The Bookshelf hosted its second film society meeting last week, and after adding more chairs for the overflowing crowd, we all sat down together to watch True Grit. I'm not sure if I can adequately express the joy I experience when events like these come together for our little team of booksellers.
The film society -- like so many of the changes and new events you see in the store -- is a product of love. I attended a small liberal arts college in Montgomery, Alabama, and I'm so grateful for the education I received there. My husband and I talk all the time about our years learning at the feet of some of our favorite teachers, about what it was like to be big fish in a little pond. Our three years spent on that small college campus inspired our move to Thomasville, and now, I'm watching myself -- perhaps unknowingly -- implement the ideas and programs my old professors implemented on that tiny university campus.
At Faulkner, I was president of a social club. Editor of the newspaper. Member of the Chesterton Society. And an avid film society attendee. Jordan and I would go together to the bi-monthly meetings, sit with other students and discuss the classic films our professor chose for us. Casablanca. High Noon. The meetings weren't lengthy; the discussion maybe not the caliber of FSU film school students, but you know what? They were fun, and they introduced me to worlds I wouldn't have previously explored.
Now, every quarter, I try to create the same atmosphere at The Bookshelf. Last Thursday, 24 of us gathered to watch True Grit. I had seen the movie -- and loved it -- but I had never read the book. (I know; I know.) I spent Wednesday and Thursday racing my way through the adventures of Mattie Ross, only to wonder why on earth I'd never been introduced to her before. Mattie is just as spunky as Scout Finch and as stubborn as Jo March. She's every bit the heroine, and I loved debating ideas about True Grit with other readers and movie goers.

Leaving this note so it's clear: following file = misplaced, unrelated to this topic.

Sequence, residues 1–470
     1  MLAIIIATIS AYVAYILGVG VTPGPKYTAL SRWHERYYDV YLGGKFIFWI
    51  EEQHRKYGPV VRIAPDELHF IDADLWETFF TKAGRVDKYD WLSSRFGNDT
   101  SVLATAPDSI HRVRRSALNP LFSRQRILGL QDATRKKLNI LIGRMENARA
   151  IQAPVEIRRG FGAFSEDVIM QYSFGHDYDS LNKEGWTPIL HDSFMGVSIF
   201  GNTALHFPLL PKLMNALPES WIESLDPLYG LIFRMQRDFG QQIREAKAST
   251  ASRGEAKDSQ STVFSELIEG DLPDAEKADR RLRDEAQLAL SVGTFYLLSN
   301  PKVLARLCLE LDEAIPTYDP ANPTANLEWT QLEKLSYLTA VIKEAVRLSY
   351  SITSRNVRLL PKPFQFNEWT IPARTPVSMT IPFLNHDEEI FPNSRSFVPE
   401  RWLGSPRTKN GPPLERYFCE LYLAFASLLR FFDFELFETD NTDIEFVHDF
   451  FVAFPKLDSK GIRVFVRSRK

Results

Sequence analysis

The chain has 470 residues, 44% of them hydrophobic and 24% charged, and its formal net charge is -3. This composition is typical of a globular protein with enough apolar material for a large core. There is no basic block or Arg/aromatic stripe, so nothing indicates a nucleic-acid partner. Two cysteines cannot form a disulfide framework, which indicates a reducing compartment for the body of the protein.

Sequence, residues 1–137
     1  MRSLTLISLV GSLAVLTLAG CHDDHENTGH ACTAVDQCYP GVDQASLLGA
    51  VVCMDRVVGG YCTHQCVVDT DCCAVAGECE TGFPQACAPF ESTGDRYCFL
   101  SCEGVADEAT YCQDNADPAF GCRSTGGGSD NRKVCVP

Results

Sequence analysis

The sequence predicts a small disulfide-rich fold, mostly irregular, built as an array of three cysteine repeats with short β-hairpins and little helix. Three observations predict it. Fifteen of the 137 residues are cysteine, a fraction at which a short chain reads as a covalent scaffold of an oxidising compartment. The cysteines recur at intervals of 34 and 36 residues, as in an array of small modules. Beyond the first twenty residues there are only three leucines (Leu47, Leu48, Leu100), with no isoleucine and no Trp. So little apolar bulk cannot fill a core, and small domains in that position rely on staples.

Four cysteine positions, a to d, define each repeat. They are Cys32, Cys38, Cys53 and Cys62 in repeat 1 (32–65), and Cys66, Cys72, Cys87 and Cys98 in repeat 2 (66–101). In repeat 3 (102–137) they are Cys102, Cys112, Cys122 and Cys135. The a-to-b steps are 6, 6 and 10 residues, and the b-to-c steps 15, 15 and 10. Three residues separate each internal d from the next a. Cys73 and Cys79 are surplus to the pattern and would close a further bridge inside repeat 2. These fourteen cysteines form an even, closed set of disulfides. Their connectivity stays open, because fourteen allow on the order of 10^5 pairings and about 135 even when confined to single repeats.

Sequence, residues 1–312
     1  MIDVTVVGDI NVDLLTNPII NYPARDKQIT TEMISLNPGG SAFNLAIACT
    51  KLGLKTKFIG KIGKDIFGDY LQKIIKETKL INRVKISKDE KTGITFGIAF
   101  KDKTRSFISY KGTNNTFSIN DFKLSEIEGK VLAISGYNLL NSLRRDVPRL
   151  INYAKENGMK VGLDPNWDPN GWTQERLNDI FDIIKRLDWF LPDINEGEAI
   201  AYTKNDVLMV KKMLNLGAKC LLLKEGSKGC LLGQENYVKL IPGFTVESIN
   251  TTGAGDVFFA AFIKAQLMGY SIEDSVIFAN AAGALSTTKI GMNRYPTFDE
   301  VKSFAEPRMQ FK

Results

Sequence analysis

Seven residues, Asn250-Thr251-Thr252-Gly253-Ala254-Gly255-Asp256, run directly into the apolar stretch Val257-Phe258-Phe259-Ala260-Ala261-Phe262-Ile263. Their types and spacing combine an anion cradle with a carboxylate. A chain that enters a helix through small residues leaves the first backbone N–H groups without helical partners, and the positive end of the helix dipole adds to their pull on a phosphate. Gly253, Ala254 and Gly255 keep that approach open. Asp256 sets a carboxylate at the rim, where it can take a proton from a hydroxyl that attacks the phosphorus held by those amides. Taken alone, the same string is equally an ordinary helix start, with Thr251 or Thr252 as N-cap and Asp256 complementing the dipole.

This is why I love The Bookshelf. It's why Jordan and I bought into the store over a year ago.
My college had this mission statement, this concept we were reminded of each day as we traveled throughout campus: Faulkner's goal was to give each student an "education of the whole person." Jordan and I are lifelong learners, and so many of you are too. I love the depth of knowledge I'm surrounded by each day in my dealings with The Bookshelf; I appreciate my quirky customers and friends and what they have to teach me as we talk about books and poetry and music and paper. So many of you remind me of the professors I loved at that tiny school in Alabama, and I think -- with every event and discussion and book selection -- I'm continuing to receive what my college professors always envisioned for me: an education of my whole person.
It's nice to know the learning never really stops.
See you in the shop,